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  19. Shane, this is a really enlightening test. I used the S4 minis on my first feature “The Test” due to my partner’s predeliction for the Cooke Look. I had no idea what he meant, but for a rom-com I heard it was the way to go with the “warmer” feel. However now that I see this test I really understand the determining criteria for this choice. If lenses bring out the “humanity” of our characters and makes them pop off the screen then this definitely serves the story and purpose of these types of narratives. Now if only I can gin up the cash to buy a set of these minis then we’re all set. Keep up the good work and best of luck with your new film.

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    • Jeremy, thank you for sharing, yes I was blown away with this. Loving how they are performing on F & D. Rent the S4′s, plenty of companies out there to do that for you.

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  20. Shane, thanks so much for the time and effort you put into this blog. I’m finding it to be a huge resource as I gear up to shoot my first micro-budget feature. I found this post to be particularly enlightening. Question for you: I was considering building a kit around Zeiss ZF.2s with cinemods but in an above comment I saw you mentioned Zeiss Jena lenses which led to me doing some research on them. They seem like an even more budget friendly than the ZF.2s. Do you think they would hold up as well on the big screen? And if so, do you have any recommendations for 3 or 4 Zeiss Jena lenses to start with? Thanks again for all your great posts!

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    • Mitch, you are very welcome and Thank you so much for your kind words. You really need to get a couple and test them for yourself. You can always return. I never enter a project without testing. I loved the feel of the Jena’s along with their flaring. I am not sure how much they breathe when focusing or their little quirks, so sorry.

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  21. Hello Shane!

    I am about to make a major investment on Cooke Lenses. If you had to pick between the Cooke S4i´s and the Cooke S5i´s ? What would it be? and Why? Anything that makes either one stand out over the other? Much appreciated your advice.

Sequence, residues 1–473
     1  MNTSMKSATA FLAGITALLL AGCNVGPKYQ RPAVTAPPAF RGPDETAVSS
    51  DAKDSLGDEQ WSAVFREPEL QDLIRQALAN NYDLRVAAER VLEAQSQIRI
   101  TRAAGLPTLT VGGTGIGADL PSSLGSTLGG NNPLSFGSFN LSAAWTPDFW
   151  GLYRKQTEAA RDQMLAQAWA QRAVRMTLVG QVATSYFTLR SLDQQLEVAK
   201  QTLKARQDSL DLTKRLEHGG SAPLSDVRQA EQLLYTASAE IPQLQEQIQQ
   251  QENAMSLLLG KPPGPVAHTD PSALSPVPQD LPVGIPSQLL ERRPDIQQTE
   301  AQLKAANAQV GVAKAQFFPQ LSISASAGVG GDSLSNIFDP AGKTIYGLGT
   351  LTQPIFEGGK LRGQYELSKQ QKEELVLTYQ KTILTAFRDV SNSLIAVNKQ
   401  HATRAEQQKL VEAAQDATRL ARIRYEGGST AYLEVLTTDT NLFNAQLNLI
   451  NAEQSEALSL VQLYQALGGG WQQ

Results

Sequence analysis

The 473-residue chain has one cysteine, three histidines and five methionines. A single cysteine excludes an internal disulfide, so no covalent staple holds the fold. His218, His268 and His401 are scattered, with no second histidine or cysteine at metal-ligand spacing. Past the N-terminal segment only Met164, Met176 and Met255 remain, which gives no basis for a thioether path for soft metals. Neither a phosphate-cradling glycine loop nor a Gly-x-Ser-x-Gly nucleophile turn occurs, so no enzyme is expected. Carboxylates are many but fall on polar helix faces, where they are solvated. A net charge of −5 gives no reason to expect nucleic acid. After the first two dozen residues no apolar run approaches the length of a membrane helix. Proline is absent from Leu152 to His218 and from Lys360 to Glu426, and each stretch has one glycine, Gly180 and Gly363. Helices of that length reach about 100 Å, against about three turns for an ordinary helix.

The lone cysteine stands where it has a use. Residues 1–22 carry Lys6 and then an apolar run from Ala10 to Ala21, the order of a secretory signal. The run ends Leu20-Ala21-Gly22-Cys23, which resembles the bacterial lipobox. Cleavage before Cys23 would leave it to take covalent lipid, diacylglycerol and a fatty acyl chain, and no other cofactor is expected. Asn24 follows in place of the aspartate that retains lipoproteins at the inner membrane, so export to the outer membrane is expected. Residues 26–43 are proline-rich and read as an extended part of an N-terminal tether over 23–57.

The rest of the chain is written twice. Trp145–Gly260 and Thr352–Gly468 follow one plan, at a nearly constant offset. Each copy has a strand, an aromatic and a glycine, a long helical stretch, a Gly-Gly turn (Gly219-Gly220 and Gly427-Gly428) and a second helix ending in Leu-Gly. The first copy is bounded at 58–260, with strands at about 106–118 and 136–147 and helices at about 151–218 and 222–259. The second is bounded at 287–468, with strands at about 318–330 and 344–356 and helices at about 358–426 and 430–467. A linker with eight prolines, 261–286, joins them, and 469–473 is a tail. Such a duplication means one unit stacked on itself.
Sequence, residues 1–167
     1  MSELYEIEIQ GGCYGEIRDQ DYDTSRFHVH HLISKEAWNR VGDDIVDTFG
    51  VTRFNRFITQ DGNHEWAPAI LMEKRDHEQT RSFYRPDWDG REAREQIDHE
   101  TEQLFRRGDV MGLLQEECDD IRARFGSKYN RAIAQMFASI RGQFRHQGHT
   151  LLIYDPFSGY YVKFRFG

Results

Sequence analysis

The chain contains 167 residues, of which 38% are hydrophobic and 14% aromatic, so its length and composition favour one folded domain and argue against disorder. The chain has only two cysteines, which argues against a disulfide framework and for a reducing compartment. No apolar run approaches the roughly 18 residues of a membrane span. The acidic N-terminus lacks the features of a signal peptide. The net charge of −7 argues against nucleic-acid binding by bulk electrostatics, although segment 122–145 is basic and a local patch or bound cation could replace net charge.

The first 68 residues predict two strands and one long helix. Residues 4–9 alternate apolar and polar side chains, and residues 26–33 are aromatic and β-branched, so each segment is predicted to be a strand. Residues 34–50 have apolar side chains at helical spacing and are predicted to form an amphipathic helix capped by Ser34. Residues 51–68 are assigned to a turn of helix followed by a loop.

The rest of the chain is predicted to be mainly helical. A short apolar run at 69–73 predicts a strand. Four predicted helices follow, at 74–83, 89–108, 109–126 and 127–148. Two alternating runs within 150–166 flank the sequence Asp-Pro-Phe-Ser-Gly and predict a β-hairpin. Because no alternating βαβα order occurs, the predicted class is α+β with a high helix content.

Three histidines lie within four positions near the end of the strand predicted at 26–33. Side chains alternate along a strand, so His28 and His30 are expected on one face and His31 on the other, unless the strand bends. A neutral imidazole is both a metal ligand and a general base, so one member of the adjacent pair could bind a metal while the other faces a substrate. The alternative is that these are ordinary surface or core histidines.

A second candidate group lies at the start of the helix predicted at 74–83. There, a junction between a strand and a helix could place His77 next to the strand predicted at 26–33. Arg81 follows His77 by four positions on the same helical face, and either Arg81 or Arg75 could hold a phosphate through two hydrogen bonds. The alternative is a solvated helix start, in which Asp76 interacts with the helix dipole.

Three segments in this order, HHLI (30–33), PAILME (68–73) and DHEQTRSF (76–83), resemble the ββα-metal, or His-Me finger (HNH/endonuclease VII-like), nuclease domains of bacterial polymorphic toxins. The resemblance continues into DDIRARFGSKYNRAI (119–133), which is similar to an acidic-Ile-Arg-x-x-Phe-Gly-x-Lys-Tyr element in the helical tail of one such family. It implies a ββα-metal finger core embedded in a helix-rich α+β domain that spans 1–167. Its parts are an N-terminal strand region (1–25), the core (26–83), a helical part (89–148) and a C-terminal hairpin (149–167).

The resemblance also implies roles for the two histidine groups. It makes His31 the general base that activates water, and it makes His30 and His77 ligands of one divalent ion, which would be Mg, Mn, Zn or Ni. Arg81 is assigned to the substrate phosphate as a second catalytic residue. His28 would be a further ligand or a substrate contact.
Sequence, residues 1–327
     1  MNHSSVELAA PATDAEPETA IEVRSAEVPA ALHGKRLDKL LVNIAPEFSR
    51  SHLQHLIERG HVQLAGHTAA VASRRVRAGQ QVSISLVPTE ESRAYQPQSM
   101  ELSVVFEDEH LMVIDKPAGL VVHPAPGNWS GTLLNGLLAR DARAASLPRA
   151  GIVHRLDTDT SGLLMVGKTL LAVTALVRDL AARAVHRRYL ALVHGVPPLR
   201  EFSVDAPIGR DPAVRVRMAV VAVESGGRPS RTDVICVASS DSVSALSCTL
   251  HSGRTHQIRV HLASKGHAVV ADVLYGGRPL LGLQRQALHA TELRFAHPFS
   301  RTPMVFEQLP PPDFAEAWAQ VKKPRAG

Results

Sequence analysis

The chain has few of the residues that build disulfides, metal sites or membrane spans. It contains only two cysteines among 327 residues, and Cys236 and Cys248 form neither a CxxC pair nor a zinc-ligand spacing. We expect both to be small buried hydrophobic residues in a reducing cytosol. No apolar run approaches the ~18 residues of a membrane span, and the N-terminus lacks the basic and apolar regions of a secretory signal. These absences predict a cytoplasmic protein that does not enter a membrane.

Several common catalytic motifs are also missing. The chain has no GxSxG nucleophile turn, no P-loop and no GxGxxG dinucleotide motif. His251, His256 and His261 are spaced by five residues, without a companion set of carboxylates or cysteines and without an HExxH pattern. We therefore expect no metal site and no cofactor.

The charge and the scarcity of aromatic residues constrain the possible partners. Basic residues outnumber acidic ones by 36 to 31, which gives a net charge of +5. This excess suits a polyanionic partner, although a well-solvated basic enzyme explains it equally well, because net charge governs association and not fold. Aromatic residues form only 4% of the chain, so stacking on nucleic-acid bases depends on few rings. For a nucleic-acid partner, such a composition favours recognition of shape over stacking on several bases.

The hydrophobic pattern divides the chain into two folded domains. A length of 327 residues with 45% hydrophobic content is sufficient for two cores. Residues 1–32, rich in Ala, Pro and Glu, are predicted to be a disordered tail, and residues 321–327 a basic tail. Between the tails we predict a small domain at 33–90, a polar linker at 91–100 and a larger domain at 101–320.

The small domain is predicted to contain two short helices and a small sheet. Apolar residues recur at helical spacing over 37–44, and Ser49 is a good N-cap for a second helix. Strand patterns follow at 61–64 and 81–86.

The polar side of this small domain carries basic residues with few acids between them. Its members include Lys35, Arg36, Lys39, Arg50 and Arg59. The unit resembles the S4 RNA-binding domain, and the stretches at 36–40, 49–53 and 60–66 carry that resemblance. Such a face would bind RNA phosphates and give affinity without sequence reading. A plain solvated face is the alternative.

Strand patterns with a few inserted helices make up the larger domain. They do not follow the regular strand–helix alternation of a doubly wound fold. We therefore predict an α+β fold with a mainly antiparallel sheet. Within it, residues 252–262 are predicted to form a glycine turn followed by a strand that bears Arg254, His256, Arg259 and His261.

Thanks a lot and Keep up the great work. Cheers

    Ron

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    • Ron Peterson, The Cooke’s are amazing lenses. The S5i’s are more expensive, heavier, engineered for digital and a 1.4 which can help. The Cooke S4i’s were made for film, softer, less blades, a 2.0 and lighter. I will stick with the cheaper S4′s.

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      • Thanks so much for the advice…. If I had to pick 6 Lenses to start off my kit.. which 6 would you recommend for maximum coverage. Much Appreciated the help..

        Cheers

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  22. Shane,

    This is a fantastic test. These two pieces of glass are worlds apart, and the bokeh makes all the difference in the world when rendering depth and shape.

    Abelcine has a great post on bokeh which touches on what you were discussing, that being stripping a lens of its aberrations makes it too sterile and flat in appearance. http://blog.abelcine.com/2012/10/16/lens-bokeh-explained/

    Also the January 2013 issue of Film & Digital Times is also a great issue on the Cooke look.

    Leica glass is great, and it has its place, but if I’m renting glass I choose Cooke.

    A great test! Thank you!

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    • D, again another wonderful comment. Thank you so much for sharing of your knowledge. I love when a post takes this direction, because we all learn and that is the point, RIGHT? I will check out the article and blog. Thanks for your kind words as well.

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  23. Great test, Shane! I completely agree with you that manufacturers seem to be headed into “sterile land” with their lenses. I’m a 23-year vet of directing (mostly TV shows and commercials) with a heavy techno-geeky side. I don’t do major features, but my 1st does – he works on a lot of M Night’s films (we’re east coasters).

    I had been a major fan of Cookes for years (though they have made some questionable zooms), and when I was looking to kit out my own little rig that sits in the office for playing, efx tests and lower budget shoots (an FS700), my 1st and I did countless tests on almost any lens we could get our hands on. These might be of interest to your readers, since we weren’t testing rental lenses, but rather SLR and similar level glass (with the occasional higher end piece thrown in).

    Here’s what we found, in broad generalities:

    Nikon lenses tended to be the sharpest. They also had the greatest change as you got closer to wide open – most were not useable at apertures greater than 2.0 – for example, 1.4 on the ubiquitous and ancient 50mm f1.4 was unuseable. Over all, they are great glass, but not heavy on character.